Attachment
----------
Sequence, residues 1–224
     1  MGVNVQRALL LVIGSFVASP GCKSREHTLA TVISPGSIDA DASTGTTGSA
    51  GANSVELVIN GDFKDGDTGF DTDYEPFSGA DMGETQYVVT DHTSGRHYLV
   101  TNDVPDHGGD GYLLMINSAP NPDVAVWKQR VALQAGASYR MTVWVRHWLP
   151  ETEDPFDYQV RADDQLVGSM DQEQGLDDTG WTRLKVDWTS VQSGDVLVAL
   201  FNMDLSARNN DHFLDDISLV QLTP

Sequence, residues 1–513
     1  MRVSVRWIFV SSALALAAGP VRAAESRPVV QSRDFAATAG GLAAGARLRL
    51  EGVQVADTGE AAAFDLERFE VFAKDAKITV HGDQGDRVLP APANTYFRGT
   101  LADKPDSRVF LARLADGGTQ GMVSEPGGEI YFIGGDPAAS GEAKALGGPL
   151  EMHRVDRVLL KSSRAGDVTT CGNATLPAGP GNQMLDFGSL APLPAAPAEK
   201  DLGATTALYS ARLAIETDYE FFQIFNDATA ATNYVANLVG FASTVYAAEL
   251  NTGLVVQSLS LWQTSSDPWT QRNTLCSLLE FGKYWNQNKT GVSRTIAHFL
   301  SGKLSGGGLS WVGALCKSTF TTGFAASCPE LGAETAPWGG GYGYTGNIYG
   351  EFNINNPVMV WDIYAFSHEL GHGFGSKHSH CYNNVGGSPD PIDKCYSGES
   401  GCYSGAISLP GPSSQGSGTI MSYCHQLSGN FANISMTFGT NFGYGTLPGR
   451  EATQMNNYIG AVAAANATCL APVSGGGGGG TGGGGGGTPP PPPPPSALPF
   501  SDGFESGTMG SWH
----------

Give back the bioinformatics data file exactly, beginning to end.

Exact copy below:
Sequence, residues 1–224
     1  MGVNVQRALL LVIGSFVASP GCKSREHTLA TVISPGSIDA DASTGTTGSA
    51  GANSVELVIN GDFKDGDTGF DTDYEPFSGA DMGETQYVVT DHTSGRHYLV
   101  TNDVPDHGGD GYLLMINSAP NPDVAVWKQR VALQAGASYR MTVWVRHWLP
   151  ETEDPFDYQV RADDQLVGSM DQEQGLDDTG WTRLKVDWTS VQSGDVLVAL
   201  FNMDLSARNN DHFLDDISLV QLTP

Sequence, residues 1–513
     1  MRVSVRWIFV SSALALAAGP VRAAESRPVV QSRDFAATAG GLAAGARLRL
    51  EGVQVADTGE AAAFDLERFE VFAKDAKITV HGDQGDRVLP APANTYFRGT
   101  LADKPDSRVF LARLADGGTQ GMVSEPGGEI YFIGGDPAAS GEAKALGGPL
   151  EMHRVDRVLL KSSRAGDVTT CGNATLPAGP GNQMLDFGSL APLPAAPAEK
   201  DLGATTALYS ARLAIETDYE FFQIFNDATA ATNYVANLVG FASTVYAAEL
   251  NTGLVVQSLS LWQTSSDPWT QRNTLCSLLE FGKYWNQNKT GVSRTIAHFL
   301  SGKLSGGGLS WVGALCKSTF TTGFAASCPE LGAETAPWGG GYGYTGNIYG
   351  EFNINNPVMV WDIYAFSHEL GHGFGSKHSH CYNNVGGSPD PIDKCYSGES
   401  GCYSGAISLP GPSSQGSGTI MSYCHQLSGN FANISMTFGT NFGYGTLPGR
   451  EATQMNNYIG AVAAANATCL APVSGGGGGG TGGGGGGTPP PPPPPSALPF
   501  SDGFESGTMG SWH